The flight back to Anchorage was scheduled for mid-day this year, giving us enough time to venture back out of town in search of a few more species. We split the group, with one van heading far out the Teller Road to look for a recently reported White Wagtail out past Woolley Lagoon. The other group headed for Safety Sound on the Council Road in a quest for Arctic Loon. The Wagtail group met with resounding success, with excellent views of a pair of White Wagtails tending a nest near the road. This sighting marked only the second time in 16 years that we have recorded the species around Nome; making the trip out more than worth it! They also witnessed an amazing encounter with a Golden Eagle that shot past the car at an extremely close range carrying a Snowshoe Hare, only to land on a nearby hill. A second Eagle flew in from a cliffside nest to grab the offering and then carried it back to the waiting chicks. Two male Rock Ptarmigan displaying to one another on a roadside snowbank while a Northern Wheatear perched on a rock across the road was just icing on the cake. The group that covered Safety Sound located a male Eurasian Wigeon in with a large flock of American Wigeon, a single Rock Sandpiper along the shore near the Safety Sound Bridge, another cooperative migrant Arctic Warbler and a flyby Tufted Puffin. Alcid numbers were actually quite good for Nome, with several dozen Murre and at least four pairs of Horned Puffins including a pair that was busily mating on the water just offshore. We had front row seats for the show, which seemingly lasted quite a while for a pair of birds. Some fish bait balls a bit offshore were attracting a lot of Kittiwakes and more than a few Parasitic Jaegars plying their trade. We were unsuccessful in turning any of the nearly twenty Pacific Loons into our hoped-for Arctic but our views of nesting Red-throated and Pacific were indeed superlative. It would seem that the locally breeding pair of Arctics were taking their time taking up their normal summer quarters in the eastern side of the lagoon. All too soon it was time to head back to Nome in order to catch our mid-day flight to Anchorage, followed by some time off for laundry and rest in preparation for the next leg of the tour.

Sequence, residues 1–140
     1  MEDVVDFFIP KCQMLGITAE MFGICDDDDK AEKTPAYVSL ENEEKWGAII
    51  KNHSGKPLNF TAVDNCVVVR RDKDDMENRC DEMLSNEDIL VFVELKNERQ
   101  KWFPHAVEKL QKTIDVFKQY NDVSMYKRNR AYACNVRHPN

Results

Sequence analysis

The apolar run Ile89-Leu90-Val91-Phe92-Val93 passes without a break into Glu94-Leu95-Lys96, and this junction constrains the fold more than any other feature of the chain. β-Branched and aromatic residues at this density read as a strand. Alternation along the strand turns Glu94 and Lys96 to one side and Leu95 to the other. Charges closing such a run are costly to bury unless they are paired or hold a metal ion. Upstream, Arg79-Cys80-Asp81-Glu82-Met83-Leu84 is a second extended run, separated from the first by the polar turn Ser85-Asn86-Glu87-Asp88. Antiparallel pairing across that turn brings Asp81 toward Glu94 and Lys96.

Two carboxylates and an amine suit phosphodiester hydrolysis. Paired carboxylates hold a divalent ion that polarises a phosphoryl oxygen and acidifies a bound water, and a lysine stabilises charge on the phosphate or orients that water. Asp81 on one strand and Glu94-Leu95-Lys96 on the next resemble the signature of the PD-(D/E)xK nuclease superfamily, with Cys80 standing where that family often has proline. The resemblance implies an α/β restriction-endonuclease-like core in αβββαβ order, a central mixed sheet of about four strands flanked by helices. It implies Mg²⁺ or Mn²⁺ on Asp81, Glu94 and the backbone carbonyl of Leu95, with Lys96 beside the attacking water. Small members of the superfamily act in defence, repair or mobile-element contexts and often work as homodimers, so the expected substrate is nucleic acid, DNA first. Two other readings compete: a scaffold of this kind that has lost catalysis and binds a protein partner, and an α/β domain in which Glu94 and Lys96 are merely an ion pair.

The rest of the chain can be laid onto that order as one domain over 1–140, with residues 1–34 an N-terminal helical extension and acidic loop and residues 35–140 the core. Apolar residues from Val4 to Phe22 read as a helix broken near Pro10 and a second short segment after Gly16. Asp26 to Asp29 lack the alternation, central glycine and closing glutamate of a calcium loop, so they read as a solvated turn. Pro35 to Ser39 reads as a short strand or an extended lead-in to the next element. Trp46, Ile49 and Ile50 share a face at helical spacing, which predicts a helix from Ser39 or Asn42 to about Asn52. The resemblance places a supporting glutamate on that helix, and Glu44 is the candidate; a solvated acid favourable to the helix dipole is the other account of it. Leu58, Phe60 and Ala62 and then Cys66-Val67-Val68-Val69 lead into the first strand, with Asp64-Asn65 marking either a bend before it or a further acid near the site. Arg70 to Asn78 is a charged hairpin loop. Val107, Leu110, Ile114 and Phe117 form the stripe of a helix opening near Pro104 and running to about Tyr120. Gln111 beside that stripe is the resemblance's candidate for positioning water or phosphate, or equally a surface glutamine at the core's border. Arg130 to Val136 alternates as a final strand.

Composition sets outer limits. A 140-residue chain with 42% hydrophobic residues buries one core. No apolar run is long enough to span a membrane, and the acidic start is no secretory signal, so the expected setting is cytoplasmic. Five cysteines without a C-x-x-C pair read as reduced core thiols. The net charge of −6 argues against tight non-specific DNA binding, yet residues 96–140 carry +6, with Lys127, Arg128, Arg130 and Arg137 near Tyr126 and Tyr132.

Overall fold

We commenced the mainland section of the tour with some morning birding around the city of Anchorage. As the tides seemed to be in our favor we began with a visit to of the best overall birding sites in the city: Westchester Lagoon. Around the freshwater lagoons near the mouth of Chester creek we found a nice mix of waterfowl, including excellent close comparison studies of Greater and Lesser Scaup, dozens of Mallards and Canada Geese with fuzzy chicks in tow, and small numbers of American Wigeon and Gadwall. On a small island in the lake we watched as Mew Gulls and Arctic Terns brought food in to their puffball-sized nestlings, while several pairs of Red-necked Grebes tended to their tiny striped young just a few feet offshore. The huge tidal flows along the Anchorage waterfront (one of the largest tides in the world, at over 40 feet) reveal impressive expanses of glacial silt at low tide, making birds generally too far away for satisfactory views. At high tide however, there can often be large numbers of waders and gulls loafing along the narrow ledge of coastline close to the Tony Knowles Coastal Trail. We managed to time our visit on a peak high tide, and when we walked out along the paved bike and pedestrian trail (many US cities could learn a lot about active living and alternative transportation infrastructure with a visit to the surprisingly progressive Anchorage) to the coast, we were surprised to see no exposed mudflats at all. Some reddish Sandhill Cranes were picking along the grassy marsh near the newly minted Audubon Society viewing platform. Flocks of Mew, Bonaparte’s and Cook’s Inlet Gulls (a common mixture of Glaucous-winged and Herring Gulls that dominate the large gull flocks around Anchorage) were paddling around near the shore. Tucked into the wet grasses were well over a hundred Canada Geese, and with a bit of searching we picked out a tiny and dark chested Cackling Goose (likely of the minima subspecies) as well. We lingered at the platform for a bit and were thrilled when a Hudsonian Godwit flew in and landed along the shoreline Hudsonians are simply stunning birds in breeding plumage, and with a bit of patience we were able to see the bird lift its wings, flashing a jet-black underwing and striking white rump. On the walk back towards the vans we noticed some calling Alder Flycatchers (in an alder grove no less) and we teased up a busy pair of Black-capped Chickadees and a pair of Downy Woodpeckers. Ever-present Black-billed Magpies were strutting around the edge of the trail, perhaps hoping that some of our snacks might fall out of our pockets. Baby birds were everywhere we looked, with the most interesting clutch belonging to a pair of Short-billed Dowitchers. The adults had four tiny fuzzy chicks following them as they foraged in the marsh literally at our feet. The babies were adorable, with long bills, burgundy and gold plumage and ridiculously oversized feet.